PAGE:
Myth and ritual

In traditional societies, myth and ritual are two central components of religious practice. Although myth and ritual are commonly united as parts of religion, the exact relationship between them has been a matter of controversy among scholars. One of the approaches to this problem is "the myth and ritual, or myth-ritualist, theory", which holds that "myth does not stand by itself but is tied to ritual".[] This theory has never been demonstrated, and the current view among scholar is that the link between myth and ritual is that they share common paradigms.<ref name="Meletinsky2000p.117" />

Overview

The "Myth and ritual school" is the name given to a series of authors that have focused their philological studies on the "ritual purposes of myths."[1] They include the supporters of the "priority of ritual over myth" hypothesis, W. Robertson-Smith, James Frazer, Jane Ellen Harrison, S. H. Hooke, that claimed that "every myth is derived from a particular ritual and that the syntagmatic quality of myth is a reproduction of the succession of ritual act".[2]

Historically, the important approaches to the study of mythological thinking have been those of Vico, Schelling, Schiller, Jung, Freud, Lávy-Bruhl, Levi-Strauss, Frye, the Soviet school, and the Myth and Ritual School.[3]

In the 1930s, Soviet researchers such as Jakov E. Golosovker, Frank-Kamenecky, Olga Freidenberg, Mikhail Bakhtin, "grounded the study of myth and ritual in folklore and in the world view of popular culture."[4]

The semantic unity of myth and ritual has been demonstrated by anthropology research works made in the period following the World War II, particularly by Bill Stanner and Victor Turner; however, hypotheses of a relation of descent, as the "priority of ritual over myth," have not. The major view held currently in the field is that the link between myth and ritual is that they share common paradigms.<ref name="Meletinsky2000p.117" />

Ritual from myth

One possibility immediately presents itself: perhaps ritual arose from myth. Many religious rituals--notably Passover among Jews, Christmas and Easter among Christians, and the Hajj among Muslims--commemorate, or involve commemoration of, events in religious literature.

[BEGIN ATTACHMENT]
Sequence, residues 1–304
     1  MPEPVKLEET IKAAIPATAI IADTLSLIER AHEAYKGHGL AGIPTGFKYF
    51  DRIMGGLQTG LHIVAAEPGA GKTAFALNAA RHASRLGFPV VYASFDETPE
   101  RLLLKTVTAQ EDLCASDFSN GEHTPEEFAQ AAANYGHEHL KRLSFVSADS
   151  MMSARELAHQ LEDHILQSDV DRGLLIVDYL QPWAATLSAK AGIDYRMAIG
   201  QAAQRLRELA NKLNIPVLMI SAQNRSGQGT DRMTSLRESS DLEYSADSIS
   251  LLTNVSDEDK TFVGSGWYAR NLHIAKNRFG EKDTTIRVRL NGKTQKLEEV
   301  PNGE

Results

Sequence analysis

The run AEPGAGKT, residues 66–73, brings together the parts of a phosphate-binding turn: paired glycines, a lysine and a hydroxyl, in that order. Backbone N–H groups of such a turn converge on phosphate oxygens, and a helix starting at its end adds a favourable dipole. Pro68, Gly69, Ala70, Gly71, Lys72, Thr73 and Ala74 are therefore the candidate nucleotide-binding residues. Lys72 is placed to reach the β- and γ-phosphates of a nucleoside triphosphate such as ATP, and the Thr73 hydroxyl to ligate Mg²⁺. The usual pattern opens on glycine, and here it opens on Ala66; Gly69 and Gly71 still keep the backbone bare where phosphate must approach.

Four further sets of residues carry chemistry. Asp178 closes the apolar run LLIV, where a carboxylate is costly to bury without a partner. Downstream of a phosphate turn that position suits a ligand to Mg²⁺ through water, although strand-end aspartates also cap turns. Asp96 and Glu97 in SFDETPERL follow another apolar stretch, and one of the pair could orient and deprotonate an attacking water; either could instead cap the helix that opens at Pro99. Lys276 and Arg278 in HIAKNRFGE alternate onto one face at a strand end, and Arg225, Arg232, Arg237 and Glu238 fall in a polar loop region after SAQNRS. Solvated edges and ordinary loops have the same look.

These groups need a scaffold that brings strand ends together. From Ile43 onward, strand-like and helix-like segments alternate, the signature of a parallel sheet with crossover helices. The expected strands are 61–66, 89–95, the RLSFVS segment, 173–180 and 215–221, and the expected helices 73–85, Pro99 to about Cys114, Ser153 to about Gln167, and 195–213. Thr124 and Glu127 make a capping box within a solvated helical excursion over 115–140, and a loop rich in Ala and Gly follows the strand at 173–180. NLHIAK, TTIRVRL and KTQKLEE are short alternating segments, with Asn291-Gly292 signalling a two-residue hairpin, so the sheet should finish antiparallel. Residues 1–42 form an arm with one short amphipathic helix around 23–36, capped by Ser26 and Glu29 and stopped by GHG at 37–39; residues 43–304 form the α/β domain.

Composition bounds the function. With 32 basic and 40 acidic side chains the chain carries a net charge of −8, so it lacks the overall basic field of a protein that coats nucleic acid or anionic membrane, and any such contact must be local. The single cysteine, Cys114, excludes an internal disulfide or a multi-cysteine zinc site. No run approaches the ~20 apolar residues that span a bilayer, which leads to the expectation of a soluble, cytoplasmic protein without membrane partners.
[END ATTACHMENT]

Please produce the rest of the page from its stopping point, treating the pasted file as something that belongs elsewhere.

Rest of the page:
E. B. Tylor

Leaving the sphere of historical religions, the ritual-from-myth approach often sees the relationship between myth and ritual as analogous to the relationship between science and technology. The pioneering anthropologist Edward Burnett Tylor is the classic exponent of this view.[5] He saw myth as an attempt to explain the world: for him, myth was a sort of proto-science.[6] Ritual is secondary: just as technology is an application of science, so ritual is an application of myth--an attempt to produce certain effects, given the supposed nature of the world: "For Tylor, myth functions to explain the world as an end in itself. Ritual applies that explanation to control the world."[5] A ritual always presupposes a preexisting myth: in short, myth gives rise to ritual.

Myth from ritual (primacy of ritual)

Against the intuitive idea that ritual reenacts myth or tries to persuade mythical beings, many 19th century anthropologists argued the opposite position: that myth and religious doctrine result from ritual. This is known as the "primacy of ritual" hypothesis.

William Robertson Smith